Mangling the Needle, Part One
Tuesday, July 22
I remember the first time I tried warming my freezing, cold hands by running them under hot water. It burned. The extreme contrast of temperatures produced a painful, prickling numbness which confused me as much as it hurt.
Our students have absorbed a similar mix of emotions swinging from one extreme to another. Working with the poorest of poor one week then spending the next with the highest of society mangles the needle on a person's internal fairness meter.
The sudden shift was a result of our students participating in a language/cultural program with one of the most prestigious secular private high schools in the country last week. Our students were paired with Mexican students who served as personal tour guides to famous parts of Mexico City.
But practicing English and learning about historical sites wasn't the ultimate goal, at least not for us.
During our training days our students spent many hours practicing their personal testimonies (how they came to know Jesus personally) and how to explain the gospel clearly. Virtually all of them had the opportunity to apply their skills while getting to know their new friends.
Many of our students found this type of relational ministry more difficult than the previous week of service outreach. Even though their Mexican partners spoke excellent English, communicating the gospel to people who seemingly have everything always presents a challenge no matter your age or profession.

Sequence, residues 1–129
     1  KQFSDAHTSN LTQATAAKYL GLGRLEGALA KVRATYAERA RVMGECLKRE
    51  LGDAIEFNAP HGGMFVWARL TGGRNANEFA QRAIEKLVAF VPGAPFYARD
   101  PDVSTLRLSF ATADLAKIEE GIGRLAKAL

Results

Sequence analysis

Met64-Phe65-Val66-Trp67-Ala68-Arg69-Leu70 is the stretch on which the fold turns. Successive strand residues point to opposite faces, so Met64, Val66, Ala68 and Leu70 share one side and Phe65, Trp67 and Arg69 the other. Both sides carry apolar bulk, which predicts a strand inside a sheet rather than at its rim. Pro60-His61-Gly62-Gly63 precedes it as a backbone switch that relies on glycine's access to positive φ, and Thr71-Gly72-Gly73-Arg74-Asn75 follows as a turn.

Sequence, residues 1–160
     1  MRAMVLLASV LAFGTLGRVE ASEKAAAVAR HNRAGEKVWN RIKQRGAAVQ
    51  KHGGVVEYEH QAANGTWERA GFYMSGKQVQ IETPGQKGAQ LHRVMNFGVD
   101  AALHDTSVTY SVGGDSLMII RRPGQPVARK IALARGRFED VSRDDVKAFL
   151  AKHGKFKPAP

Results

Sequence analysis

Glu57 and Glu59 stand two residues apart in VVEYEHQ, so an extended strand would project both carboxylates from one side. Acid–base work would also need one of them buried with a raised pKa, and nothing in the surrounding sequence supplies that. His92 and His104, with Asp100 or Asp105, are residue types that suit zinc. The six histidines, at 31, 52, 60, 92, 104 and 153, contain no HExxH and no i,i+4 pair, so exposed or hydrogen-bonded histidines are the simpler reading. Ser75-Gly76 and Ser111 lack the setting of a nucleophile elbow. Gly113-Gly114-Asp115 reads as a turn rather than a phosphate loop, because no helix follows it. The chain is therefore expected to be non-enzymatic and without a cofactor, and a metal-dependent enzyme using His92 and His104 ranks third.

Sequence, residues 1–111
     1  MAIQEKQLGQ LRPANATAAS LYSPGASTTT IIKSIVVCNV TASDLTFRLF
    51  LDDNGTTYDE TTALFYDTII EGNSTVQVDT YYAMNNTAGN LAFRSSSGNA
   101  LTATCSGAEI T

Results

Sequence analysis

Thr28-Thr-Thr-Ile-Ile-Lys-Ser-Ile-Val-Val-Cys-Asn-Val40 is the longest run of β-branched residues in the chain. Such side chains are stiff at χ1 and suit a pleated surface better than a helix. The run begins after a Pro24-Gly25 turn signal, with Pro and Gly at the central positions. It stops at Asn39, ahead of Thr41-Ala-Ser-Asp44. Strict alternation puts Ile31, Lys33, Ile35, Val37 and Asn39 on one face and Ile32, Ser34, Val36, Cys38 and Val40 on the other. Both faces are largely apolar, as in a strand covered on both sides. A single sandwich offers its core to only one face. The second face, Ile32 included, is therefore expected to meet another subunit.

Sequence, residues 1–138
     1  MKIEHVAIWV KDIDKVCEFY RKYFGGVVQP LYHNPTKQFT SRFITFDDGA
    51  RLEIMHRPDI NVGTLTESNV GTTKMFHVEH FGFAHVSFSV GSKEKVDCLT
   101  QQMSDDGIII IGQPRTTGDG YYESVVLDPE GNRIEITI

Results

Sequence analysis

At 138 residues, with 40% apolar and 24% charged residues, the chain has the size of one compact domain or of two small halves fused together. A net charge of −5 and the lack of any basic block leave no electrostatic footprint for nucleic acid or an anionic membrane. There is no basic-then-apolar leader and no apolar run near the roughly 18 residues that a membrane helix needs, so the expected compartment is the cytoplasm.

But the Lord provided ample opportunities and our students seized them: Atop the "Pyramid of the Sun," beneath the shadows of ancient ruins, within the halls of the presidential palace. God chose these historical landmarks of mystery and power for our students to reveal the greatest mystery ever unveiled to man, the hope of glory found only in Christ Jesus.
Read what 3 students had to say about their week.
Caleb Kierspe (17) from East Asia
It has been interesting to see how no matter what social status you are, you can still have just as many problems. I would like whoever reads this to pray for my partner, Carlos. He has stress-related heart problems and often works all night. I haven't been able to steer the conversation towards God yet, but if I am able, please also pray that it would leave a lasting impact.
Carly Timbie (20) grew up in Egypt and France
I saw so many different things this week. The thing that hit me that most is the lostness in these students. We have been to the poorest of poor in the last week and saw the desperateness in them and it broke your heart, but with these students they have so much [materially] but my students' hearts are so far and turned away from the truth that it hurts even more so sometimes.
Emily Ryan (18) from France
I started the week out unsure of how high school ministry would go, afraid that I would find nothing in common with these students. I didn't think that a rich, non-Christian prep school kid would be anything like me at all. But if there's one thing that this week has taught me is that deep down we are all the same. I may have grown up in France as a missionary kid, but I am no different from them in that we all have the same basic desires for love and meaning and we all struggle with finding our place in the world. The only difference is that I have found truth in this world of darkness and despair, while they are still searching. And that is why this week is so important - we are all broken people and if through our time together even one student recognizes that what we have is different, it has all been worth it.